At the council meeting of 20 December the representative of the Audit committee said that Audit committee wanted Council to know that

    Financial covenants with the banks should not be broken again

    The Credibility of Senior management and Council was at stake

  In other words, the University acted under the Auditors duress to propose sufficient closures and staff cuts in order to enable it (the University) to get its accounts signed off and to preserve the credibility of Senior Management and Council.

  It is to be assumed that the University's accounts for 2003-04 have now been signed off given that Council have approved "sufficiently robust" recommendations for restructuring and expenditure reductions.

  It is a great shame that no importance had been attached to and insufficient opportunity allowed for, finding alternative solutions.

  There may be one exception. As Professor Talbot Head designate of the proposed School of Biological and Chemical Sciences so disparagingly said of proposals by chemistry staff to create a School of Natural Sciences; ". . .[it] might seem attractive, but . . . .it represented the management of decline and an unwillingness to make difficult decisions."

  It is perhaps not surprising that someone in Prof Talbot's position would indeed make such a statement.


  A typical dictionary definition of chemistry might be:

    1.  The science of the composition, structure, properties, and reactions of matter, especially of atomic and molecular systems.

    2.  The composition, structure, properties, and reactions of a substance

  This section is concerned with the possibilities of career choices and continued professional developments which the academic study of chemistry can afford. I cite my own career choices and subsequent development in example only.

  I would like to demonstrate the powerful impetus to a career which chemistry can impart and the lifelong benefits which a knowledge of chemistry can bestow, and from which personally I have benefited.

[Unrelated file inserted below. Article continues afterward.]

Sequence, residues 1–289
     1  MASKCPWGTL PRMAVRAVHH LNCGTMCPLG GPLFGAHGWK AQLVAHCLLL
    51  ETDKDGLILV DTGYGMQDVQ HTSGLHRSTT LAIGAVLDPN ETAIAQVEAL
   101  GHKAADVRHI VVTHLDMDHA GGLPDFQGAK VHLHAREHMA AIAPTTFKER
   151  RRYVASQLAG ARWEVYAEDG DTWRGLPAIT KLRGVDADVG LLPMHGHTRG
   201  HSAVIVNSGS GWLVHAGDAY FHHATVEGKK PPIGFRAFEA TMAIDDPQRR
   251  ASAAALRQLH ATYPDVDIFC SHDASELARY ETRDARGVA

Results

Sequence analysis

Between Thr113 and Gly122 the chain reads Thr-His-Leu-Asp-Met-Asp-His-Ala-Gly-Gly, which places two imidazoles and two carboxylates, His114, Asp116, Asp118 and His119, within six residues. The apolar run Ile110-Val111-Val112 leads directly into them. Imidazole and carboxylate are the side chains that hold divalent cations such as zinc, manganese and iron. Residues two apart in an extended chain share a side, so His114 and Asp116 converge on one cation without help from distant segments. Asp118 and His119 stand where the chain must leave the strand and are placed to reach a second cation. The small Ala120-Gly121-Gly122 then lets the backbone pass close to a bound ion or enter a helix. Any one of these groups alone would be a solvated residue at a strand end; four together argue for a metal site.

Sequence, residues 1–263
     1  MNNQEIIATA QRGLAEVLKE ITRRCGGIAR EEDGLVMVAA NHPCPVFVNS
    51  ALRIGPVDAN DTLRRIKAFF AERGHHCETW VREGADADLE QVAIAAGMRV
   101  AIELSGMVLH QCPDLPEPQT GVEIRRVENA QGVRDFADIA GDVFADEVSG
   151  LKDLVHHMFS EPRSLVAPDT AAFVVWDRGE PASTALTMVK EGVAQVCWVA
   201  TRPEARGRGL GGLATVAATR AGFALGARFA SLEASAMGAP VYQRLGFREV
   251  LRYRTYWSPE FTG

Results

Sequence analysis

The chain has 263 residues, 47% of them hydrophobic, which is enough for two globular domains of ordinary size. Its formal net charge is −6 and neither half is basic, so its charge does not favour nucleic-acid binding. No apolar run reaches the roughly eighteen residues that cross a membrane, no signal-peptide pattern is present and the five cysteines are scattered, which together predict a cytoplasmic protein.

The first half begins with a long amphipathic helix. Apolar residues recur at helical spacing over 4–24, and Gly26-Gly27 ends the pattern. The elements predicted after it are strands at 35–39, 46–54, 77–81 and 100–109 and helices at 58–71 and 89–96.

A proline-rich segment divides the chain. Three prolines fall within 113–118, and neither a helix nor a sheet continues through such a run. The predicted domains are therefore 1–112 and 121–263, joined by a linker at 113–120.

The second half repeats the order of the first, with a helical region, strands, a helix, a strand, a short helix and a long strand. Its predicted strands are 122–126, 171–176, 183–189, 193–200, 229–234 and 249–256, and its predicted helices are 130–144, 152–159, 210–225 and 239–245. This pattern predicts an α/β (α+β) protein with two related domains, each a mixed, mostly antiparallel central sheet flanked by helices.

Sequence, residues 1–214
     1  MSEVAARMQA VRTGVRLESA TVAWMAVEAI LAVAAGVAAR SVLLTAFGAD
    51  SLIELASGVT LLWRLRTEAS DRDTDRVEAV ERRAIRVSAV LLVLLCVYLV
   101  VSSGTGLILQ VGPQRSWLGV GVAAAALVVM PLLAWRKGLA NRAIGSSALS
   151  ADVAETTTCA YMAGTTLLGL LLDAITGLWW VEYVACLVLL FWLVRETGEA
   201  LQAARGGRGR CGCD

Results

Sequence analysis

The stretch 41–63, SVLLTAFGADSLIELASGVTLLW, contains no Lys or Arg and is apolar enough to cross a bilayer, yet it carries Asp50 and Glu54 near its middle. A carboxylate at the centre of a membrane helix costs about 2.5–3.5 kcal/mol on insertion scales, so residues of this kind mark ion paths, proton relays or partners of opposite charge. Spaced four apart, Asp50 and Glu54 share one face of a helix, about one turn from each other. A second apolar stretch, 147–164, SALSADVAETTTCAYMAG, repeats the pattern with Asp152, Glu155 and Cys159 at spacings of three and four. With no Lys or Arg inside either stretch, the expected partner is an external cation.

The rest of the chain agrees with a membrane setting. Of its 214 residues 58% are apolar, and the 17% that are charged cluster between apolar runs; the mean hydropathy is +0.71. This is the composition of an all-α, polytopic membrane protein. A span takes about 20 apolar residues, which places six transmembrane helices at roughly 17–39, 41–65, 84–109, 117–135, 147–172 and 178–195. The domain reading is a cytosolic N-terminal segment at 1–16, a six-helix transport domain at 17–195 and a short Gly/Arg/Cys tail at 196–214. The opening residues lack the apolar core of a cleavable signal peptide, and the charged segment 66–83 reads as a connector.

As mentioned in the introduction, I have a BSc (1st class) in Chemistry and a PhD from the University of Exeter. I chose chemistry above physics to study at university because of my experiences at A level. I was fortunate, in the Chemistry Department at Exeter to encounter a dedicated enthusiastic staff teaching a strong core chemistry course, around which one could study ancillary subjects (in my case, mathematics (compulsory) and physics (optional)). One could also follow a number of chemistry options which enabled one to specialise or generalise. I chose to specialise in physical chemistry, and chose options accordingly. I graduated with a solid grounding in chemistry, mathematics and physics, the latest knowledge of physical chemistry and research experience. This stood me in good stead for my next career choice; what research and where? The answer was easy; remain at Exeter, but study at the interface between physics and chemistry, supervised by world class researchers and carry out experiments at international facilities. My PhD was financed by the then SRC under the CASE Award scheme, and involved neutron scattering research at the Atomic Energy Research Establishment at Harwell, the Rutherford Appleton Laboratory and the Institut Laue Langevin Grenoble.

  This short cv is just to underline the scientific flexibility, which a degree in chemistry can generate.

  This flexibility, and agility of mind acquired during the Exeter Chemistry years allowed me to then move into academic research in materials science, advanced instrumentation R&D, defence R&D, and defence project management. From there I moved into intellectual property—as a patent examiner, thence into IT project management, and I am currently in a marketing and promotion post in an international organisation. (European Patent Office). During my professional development I have acquired professional qualifications in chemistry and in physics, and I have recently been designated a chartered scientist (CSci) as conferred by the Science Council.

  This career history is not to promote myself, but to highlight the wide possibilities that study of chemistry can provide. My own wide range of career options, development and experiences would not have been possible had I not studied chemistry at Exeter. I should like to take this opportunity of thanking my mentors at Exeter during the 70s and 80s for their guidance and inspired teaching.

  I owe a lot to Chemistry and in presenting this document, I hope to put something back.

February 2005